Intrapulmonary lymph nodes masquerading as pleural metastasi
The differentiation between pleural dissemination and intrapulmonary lymph nodes is important if pleural nodules are present in a patient with lung cancer. It is imperative to make comparisons with previous images whenever possible, and surgery should be performed for accurate staging unless obvious distant metastases are observed.

A 71-year-old man with a 50 pack-year history of smoking presented with an abnormal shadow on chest radiography. Chest computed tomography (CT) revealed a 45-mm-sized lesion in the right lower pulmonary lobe and two pleural nodules. Transbronchial biopsy revealed squamous cell carcinoma. Single-slice chest CT performed 13 years ago revealed a very small pleural nodule. Thoracoscopy revealed a black nodule in the pleura, and histopathological examination revealed that the two pleural nodules were intrapulmonary lymph nodes (IPLNs).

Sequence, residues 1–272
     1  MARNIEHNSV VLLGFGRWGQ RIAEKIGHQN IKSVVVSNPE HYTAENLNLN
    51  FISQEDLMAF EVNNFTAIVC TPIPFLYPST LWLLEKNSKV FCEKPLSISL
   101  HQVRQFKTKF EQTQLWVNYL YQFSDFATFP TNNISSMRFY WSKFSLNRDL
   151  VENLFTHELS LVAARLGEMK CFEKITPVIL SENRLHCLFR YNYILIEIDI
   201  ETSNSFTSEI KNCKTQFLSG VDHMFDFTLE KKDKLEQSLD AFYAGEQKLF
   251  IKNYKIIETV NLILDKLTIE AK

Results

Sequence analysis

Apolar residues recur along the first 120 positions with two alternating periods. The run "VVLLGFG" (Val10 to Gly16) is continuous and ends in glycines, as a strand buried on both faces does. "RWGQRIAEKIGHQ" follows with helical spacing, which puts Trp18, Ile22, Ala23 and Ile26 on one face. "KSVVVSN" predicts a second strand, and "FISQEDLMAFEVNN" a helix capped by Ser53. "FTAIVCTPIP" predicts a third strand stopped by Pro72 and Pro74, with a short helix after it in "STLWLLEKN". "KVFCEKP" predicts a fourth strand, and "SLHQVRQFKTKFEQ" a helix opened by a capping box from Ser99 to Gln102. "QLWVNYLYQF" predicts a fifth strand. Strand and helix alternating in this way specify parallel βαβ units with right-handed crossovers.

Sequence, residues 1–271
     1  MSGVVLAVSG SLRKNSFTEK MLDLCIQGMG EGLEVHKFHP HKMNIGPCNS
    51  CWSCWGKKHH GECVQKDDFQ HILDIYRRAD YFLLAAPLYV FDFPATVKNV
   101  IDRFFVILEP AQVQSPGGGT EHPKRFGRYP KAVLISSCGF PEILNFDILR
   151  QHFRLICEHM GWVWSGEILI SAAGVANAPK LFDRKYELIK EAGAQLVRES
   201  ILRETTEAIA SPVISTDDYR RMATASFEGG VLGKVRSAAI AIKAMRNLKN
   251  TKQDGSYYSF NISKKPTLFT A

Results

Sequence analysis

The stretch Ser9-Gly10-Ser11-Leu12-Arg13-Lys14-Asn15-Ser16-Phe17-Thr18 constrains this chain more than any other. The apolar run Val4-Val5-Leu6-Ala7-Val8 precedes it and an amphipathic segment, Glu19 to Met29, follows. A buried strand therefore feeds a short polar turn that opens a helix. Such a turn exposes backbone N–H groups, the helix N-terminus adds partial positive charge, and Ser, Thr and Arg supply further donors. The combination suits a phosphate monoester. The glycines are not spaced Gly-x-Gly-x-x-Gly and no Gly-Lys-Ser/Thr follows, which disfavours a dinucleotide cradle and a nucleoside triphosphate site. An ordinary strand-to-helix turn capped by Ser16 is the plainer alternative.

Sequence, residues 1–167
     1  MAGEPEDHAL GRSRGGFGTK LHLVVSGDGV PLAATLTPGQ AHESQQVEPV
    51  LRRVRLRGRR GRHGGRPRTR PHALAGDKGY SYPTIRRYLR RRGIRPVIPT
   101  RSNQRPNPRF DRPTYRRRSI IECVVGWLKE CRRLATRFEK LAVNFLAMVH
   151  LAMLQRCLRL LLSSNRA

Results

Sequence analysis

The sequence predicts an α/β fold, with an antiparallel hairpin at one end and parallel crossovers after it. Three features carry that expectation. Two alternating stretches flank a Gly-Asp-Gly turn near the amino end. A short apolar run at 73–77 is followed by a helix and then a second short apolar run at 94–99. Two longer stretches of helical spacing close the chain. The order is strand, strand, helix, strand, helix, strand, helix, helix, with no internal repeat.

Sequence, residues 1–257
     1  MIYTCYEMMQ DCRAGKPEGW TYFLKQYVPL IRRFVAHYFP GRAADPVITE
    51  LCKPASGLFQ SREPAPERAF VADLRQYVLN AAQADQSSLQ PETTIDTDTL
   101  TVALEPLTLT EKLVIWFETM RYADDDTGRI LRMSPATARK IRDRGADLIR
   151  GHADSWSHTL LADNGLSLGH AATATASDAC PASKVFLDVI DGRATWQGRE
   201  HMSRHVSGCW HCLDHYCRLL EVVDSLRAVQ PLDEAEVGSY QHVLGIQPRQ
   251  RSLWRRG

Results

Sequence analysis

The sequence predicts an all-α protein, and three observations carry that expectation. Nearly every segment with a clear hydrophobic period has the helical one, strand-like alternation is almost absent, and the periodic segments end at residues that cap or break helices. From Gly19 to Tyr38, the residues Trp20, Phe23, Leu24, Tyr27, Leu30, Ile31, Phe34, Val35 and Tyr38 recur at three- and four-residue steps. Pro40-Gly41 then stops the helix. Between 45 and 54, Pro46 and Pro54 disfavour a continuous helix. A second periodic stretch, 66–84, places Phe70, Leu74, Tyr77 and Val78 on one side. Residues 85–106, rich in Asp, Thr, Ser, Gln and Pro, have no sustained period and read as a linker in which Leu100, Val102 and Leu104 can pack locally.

The present case described herein provides two important clinical suggestions. First, IPLNs can grow without malignant findings. A previous study of 794 IPLNs revealed that 123 (15.5%) grew slowly and 66 (8.3%) enlarged like malignant nodule, suggesting the possibility of growing IPLNs.1

Second, comparisons with previous imaging examinations are useful, even if they are of comparatively poor quality. The presence of one pleural nodule and absence of lung cancer on CT images obtained more than 10 years ago led us to consider the possibility of IPLNs and proceed with surgery. Furthermore, linear densities extending from the nodules, pathologically ectatic lymphoid channels and a characteristic of IPLNs, were seen in this patient.